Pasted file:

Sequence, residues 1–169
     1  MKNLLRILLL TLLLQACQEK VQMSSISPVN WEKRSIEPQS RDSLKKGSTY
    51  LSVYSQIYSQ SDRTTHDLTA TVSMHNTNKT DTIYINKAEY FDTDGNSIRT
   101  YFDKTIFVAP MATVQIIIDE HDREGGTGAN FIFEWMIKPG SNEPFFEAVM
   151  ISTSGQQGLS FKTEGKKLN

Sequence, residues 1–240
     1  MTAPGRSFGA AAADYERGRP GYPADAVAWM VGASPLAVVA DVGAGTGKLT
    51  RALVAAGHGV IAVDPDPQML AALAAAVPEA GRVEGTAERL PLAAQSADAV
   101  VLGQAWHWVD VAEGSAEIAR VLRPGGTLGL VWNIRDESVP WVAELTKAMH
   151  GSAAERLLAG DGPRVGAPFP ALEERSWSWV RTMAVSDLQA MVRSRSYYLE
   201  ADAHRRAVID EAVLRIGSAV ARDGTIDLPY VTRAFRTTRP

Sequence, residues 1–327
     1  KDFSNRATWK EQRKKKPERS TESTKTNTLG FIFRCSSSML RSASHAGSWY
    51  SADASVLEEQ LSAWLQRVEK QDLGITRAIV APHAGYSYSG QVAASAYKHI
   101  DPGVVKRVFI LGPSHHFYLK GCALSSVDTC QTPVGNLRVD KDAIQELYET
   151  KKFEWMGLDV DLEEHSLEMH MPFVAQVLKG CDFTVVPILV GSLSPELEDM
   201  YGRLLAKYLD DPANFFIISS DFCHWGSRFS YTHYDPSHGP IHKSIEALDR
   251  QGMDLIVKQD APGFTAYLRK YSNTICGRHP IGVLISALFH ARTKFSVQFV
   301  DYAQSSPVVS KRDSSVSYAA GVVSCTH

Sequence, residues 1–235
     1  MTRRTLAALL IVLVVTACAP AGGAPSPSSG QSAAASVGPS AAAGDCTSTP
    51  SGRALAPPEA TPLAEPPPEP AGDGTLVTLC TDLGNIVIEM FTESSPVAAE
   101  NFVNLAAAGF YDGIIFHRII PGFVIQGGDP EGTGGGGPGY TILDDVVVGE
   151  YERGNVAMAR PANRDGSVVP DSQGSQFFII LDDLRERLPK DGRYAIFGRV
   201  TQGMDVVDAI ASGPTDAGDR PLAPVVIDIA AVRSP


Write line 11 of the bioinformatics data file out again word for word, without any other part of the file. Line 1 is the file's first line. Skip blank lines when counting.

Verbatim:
   201  ADAHRRAVID EAVLRIGSAV ARDGTIDLPY VTRAFRTTRP